A long pause whilst father and son tuned their guitars must have become awkward.  Cole joked “it’ll be worth it” And it was.  He finished the set with “Brand New Friend” and deftly took us into Bowie’s “Heroes”.  We all had a touching singsong. 

The final song of the evening was “Forest Fire”.   “This has a melody at the end that, when I have to sing it on my own, makes me feel prehistoric and really stupid" he shared.   "You could help me out or you could watch me suffer.  Just remember not to clap.”   We helped him out and it was a perfect end to a perfect evening. 

The crowd took to their feet in rowdy applause.  I was right, it did turn out to be a special evening.  Special for me, as I got to reconnect with songs that were part of my musical DNA.   Special for the audience, mostly 40 and 50 somethings like me and feeling the same, I’m sure.  And special for the Coles.  How wonderful to be able to recreate your musical life’s work with your own flesh and blood.  They've toured this show extensively together and must have shared the knowing glances and strong bond that was evident on stage this evening countless times.  I can think of little else I'd rather do than share my passion with my own child.  I'm pretty sure this is something neither of them will forget.   What an emotional evening. 

Dad and boy linked arms, bowed and they were gone, gone, gone.  Pretty Gone….







Friday, 4 November 2016

Dawes - the best band in the world. Probably.

A few years ago, I came across Dawes by accident, at one of Glasgow’s finest venues – the Royal Concert Hall. As part of the city’s Celtic Connections festival, Roddy Hart curates a Roaming Roots Revue where he invites musicians he admires to join him and his band, the Lonesome Fire, to celebrate a particular theme or genre in popular music. This time, the theme was Laurel Canyon and Dawes fitted the bill well. Nothing to do with this review but Celtic Connections is a great festival and Roaming Roots Revue is a fine night out, which I’d highly recommend. Tickets are now on sale for January 28th, 2017 @ The theme this year is women in music. Expect the mighty Joni Mitchell and Kate Bush (not in the flesh you understand). Since hearing Dawes play four of their own tracks that evening, they have become one of my most listened to artists and I eagerly awaited my chance to experience them live again. With my dream playlist in my head and the most excitement I’ve felt about a gig in ages coursing through my veins, I headed to King Tut’s- according to NME, “quite possibly the best small venue in the world”.

Due on stage at 21.45, it was soon 21.55. The techs certainly did plenty of fine tuning and fussing. Get on with it already, I was thinking. I’m beyond excited and it’s a school night. Dawes finally graced the stage 15 minutes late. I played my usual “what will they open with?” as I waited impatiently. Their rather quiet entrance hid their obvious intention – to blow us away from the off. “Of course! What else could they have started with?” I smiled as they filled the room with the opening bars of “One Of Us” – first up from their new album, “We’re All Gonna Die”. It happened to be on my dream playlist so I was already totally sold. It turns out I wasn’t alone. The whole audience joined in the blistering chorus and we were, at once, a family. This level of familiarity surprised me. Being one of Glasgow’s trendiest venues and regarded by many as the place to see the next big thing, I wondered if many of the crowd had showed up hoping to bear witness to the birth of the next Oasis. Not tonight. I was obviously amongst true fans and buckled up for the ride.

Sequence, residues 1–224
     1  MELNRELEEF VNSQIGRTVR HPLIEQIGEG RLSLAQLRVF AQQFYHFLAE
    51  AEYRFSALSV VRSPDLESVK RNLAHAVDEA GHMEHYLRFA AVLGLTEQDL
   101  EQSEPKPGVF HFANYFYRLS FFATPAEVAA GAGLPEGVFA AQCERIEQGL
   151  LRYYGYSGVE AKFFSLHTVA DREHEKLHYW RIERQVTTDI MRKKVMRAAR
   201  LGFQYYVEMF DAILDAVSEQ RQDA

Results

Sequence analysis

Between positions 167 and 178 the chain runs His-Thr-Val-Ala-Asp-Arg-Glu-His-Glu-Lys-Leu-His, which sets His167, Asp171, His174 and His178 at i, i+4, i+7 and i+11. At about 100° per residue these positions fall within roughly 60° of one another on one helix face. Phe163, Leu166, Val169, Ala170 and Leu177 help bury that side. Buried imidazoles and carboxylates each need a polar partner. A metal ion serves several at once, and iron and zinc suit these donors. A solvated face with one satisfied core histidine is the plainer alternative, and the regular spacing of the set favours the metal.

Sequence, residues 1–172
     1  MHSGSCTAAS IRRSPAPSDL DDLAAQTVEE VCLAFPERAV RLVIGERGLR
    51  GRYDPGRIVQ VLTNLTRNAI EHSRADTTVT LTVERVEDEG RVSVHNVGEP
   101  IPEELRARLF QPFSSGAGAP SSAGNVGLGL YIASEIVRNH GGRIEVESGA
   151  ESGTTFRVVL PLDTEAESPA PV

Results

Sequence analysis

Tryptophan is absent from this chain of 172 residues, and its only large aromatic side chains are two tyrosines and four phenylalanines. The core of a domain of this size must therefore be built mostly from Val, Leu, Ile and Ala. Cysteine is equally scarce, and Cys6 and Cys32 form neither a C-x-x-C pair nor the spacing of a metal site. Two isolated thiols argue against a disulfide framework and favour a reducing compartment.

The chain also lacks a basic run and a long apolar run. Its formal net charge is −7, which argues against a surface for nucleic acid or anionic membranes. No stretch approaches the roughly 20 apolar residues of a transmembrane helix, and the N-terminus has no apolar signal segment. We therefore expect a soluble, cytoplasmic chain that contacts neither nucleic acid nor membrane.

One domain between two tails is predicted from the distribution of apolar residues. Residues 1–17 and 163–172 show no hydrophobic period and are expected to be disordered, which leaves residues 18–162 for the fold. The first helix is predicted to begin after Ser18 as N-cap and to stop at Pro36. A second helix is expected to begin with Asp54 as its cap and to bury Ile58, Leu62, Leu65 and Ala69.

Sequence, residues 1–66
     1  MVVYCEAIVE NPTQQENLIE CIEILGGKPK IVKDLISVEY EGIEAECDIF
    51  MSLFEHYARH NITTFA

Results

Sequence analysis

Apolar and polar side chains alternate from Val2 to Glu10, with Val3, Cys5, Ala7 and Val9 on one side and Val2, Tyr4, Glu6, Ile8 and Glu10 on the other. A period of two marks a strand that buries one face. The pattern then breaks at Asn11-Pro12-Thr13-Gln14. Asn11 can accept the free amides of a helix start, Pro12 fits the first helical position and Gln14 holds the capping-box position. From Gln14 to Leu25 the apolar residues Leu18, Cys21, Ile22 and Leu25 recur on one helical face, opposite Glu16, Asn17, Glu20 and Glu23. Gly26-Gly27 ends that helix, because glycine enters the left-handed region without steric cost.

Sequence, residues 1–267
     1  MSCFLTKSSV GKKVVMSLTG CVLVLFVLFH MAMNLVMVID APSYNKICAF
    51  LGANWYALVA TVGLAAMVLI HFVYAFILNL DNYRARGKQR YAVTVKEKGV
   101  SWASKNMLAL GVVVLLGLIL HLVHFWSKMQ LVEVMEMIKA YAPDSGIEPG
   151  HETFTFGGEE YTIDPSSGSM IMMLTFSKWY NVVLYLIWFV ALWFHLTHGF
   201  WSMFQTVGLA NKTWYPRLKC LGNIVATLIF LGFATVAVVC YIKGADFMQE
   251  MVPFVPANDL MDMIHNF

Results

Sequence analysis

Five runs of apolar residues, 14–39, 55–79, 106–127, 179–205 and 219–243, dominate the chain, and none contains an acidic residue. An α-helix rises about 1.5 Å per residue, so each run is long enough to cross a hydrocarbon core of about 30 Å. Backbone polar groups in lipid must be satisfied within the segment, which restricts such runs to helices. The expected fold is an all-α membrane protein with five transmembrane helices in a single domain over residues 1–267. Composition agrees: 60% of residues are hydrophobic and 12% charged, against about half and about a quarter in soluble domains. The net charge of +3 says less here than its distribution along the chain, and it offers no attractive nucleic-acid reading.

I recently discussed Dawes’ new album with a chum, who’s a musician himself, and we both agreed there’s a definite move to bigger, smoother production with lots of layers, strings and a number of things that would be difficult to translate in a live setting. Dawes skilfully turned this to their advantage, giving the crowd pure unadulterated rock versions of these songs. Actually, that appeared to be the theme of the night. Even when playing the haunting “Now That It’s Too late Maria” (another favourite of mine) from “All Your Favourite Bands”, the quiet, emotional, thoughtful start we expected built to a desperate, angry rock ballad (if that’s even a thing). Taylor looked like he could cry at any moment as he reminded us “now that it’s too late Maria, there is no-one here to blame”. With a lump in my throat, I was right there with him. 

We were treated to a set full to the brim of long intros and outros and enough solos in between to allow each magnificent musician in the band to shine. Particular highlights for me were Pardini’s Hammond organ solos on “Picture Of A Man” and “Million Dollar Bill”; Taylor Goldsmith’s guitar intro and solo on “Most People”; the unbelievable “engine room” interplay between Gelber on bass and Griffin Goldsmith on drums on “Less Than Five Miles Away” and the addition of a fifth touring member – Duane Betts, son of former Allman Brothers Band guitarist Dickey Betts. Betts doesn’t play on Dawes albums but joined them last year to tour their previous album. What he adds to the mix is just wonderful. He is an exquisite slide guitarist and I found myself totally wrapped in his interpretation of songs I know really well. I love it when a band can give me a fresh perspective on their music and Betts’ addition to their live line up is a master stroke in facilitating an exciting, new energy and sound.